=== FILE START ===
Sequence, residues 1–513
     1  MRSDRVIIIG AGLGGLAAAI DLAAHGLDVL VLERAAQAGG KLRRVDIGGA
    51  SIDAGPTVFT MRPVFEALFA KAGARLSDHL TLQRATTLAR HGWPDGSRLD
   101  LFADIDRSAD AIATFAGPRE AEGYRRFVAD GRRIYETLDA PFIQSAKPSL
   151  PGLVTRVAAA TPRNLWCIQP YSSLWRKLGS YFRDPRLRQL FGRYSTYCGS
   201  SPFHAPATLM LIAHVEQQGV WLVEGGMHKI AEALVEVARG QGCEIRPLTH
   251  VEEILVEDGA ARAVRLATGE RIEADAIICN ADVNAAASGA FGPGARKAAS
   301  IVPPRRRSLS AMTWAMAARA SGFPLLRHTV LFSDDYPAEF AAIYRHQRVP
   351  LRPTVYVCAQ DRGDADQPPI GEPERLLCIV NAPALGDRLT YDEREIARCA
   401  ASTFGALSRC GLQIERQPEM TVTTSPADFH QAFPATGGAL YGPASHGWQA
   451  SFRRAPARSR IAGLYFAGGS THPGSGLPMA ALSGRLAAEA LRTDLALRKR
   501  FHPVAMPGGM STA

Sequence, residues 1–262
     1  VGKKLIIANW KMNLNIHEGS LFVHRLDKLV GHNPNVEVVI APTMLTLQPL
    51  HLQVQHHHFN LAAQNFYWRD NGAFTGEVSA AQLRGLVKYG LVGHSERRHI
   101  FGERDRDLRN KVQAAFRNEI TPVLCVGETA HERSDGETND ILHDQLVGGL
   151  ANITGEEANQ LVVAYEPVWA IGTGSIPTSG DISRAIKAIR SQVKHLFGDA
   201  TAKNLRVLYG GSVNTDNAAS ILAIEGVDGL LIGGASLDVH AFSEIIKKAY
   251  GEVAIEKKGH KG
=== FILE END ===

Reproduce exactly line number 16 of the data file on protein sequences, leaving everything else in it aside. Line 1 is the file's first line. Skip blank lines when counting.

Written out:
   101  FGERDRDLRN KVQAAFRNEI TPVLCVGETA HERSDGETND ILHDQLVGGL